Regulation S high-yield issuers in Asia should
disclose information to a Rule 144a standard and pay close
attention to their email trails, lawyers have warned.
Market participants predict Regulation S high yield
deals to become more common this year. But it is expected that
deals under Rule 144a would eventually become the market
Asian companies are generally hesitant when it
comes to disclosure requirements but investors are not willing to look down the yield curve for
lower-grade investments without substantial information.
Latham & Watkins Bryant Edwards said
Asian companies were reluctant to open the kimono,
and do the disclosure.
Speaking at Asia Securities Industry &
Financial Markets Associations (Asifma) and Latham &
Watkins high-yield conference last week he said
high-yield opened a bridge to enormous sources of capital
throughout the world. Once Asian companies are willing to open
up, there are significant benefits.
Michael Dakin of Clifford Chance compared Asian
investors expectations with those in Europe. In Europe,
Regulation S and Rule 144A are shorthand for a disclosure
regime, he said.
In Europe we used to have a largely
Regulation S driven market, but I would say 95% or more of the
deals done in Europe are under Rule 144a, Dakin added.
Its driven by a buy-side that sees Rule 144a as the
disclosure standard, even if the issuer isnt looking at
However, others said that there wasnt an
enormous distinction between the two disclosure regimes in
One panelist said that theres very little
distinction between disclosures for Regulation S and Regulation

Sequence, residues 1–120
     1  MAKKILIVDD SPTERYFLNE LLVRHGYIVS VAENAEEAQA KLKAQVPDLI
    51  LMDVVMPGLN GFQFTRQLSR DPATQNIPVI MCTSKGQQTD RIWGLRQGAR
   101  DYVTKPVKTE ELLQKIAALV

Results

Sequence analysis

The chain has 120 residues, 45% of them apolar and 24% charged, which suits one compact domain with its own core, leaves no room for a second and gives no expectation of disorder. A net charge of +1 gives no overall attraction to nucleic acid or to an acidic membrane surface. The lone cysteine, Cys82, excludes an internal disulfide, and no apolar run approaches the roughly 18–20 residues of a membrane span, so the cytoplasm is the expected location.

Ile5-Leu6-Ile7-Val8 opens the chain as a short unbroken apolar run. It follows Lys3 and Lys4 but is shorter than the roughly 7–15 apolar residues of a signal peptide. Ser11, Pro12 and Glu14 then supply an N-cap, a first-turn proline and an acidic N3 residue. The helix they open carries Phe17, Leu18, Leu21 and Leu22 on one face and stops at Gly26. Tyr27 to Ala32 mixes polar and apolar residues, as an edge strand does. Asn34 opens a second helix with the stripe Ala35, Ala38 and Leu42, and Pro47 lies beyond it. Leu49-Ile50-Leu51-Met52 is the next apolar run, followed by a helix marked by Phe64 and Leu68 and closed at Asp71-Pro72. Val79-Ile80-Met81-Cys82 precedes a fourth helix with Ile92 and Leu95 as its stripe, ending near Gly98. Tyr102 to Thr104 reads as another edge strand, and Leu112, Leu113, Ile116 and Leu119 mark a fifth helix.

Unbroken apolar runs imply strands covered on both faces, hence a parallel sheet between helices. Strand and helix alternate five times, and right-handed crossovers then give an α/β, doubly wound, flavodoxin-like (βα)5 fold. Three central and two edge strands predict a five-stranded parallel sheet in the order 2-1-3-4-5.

S/Rule 144a deals in Asia. He added that although there is no
10b-5 opinion required under Regulation S it would be
superfluous because of the work done to otherwise meet the 144a
However, for now Regulation S-only deals remain
popular. Last week China Overseas Land & Investment (Soho China)
priced its Regulation S $1 billion offering, which included
Asias first 30-year notes.
Maintaining an electronic
Counsel also recommended that market participants
think of e-mail as an electronic record of the deal.
Skaddens Alec Tracy, said that in a world
with e-mail, there is a long and somewhat fact record of a
transaction, depending on whats been discussed on e-mail
and what was discussed in conference calls and meetings.
This record cant be deleted and the
e-mails are discoverable and can be used in court, he
said. We try to make sure that if an issue is discussed
in the e-mail record, a follow-up e-mail or another written
record is also created showing how the issue was
Furthermore panelists said that this extensive
documentation of the due diligence process will become a
process in Europe and Asia. However it will not be applicable
in the US, where underwriters worry most about civil liability
from lawsuits so market practice has been to keep very limited
In Hong Kong and similarly in London, civil
litigation is rare. But local regulators are now requiring the
banks to keep a comprehensive diligence record for some kinds
of transactions, such as intial public offerings (IPOs).
In the future both EU and Asian regulators
will want to see a full record for all offerings, said a
For more please attend IFLRs Asia Capital
Markets Forum this Thursday, November 15. More details can be
found here: http://www.iflr.com/ACM2012
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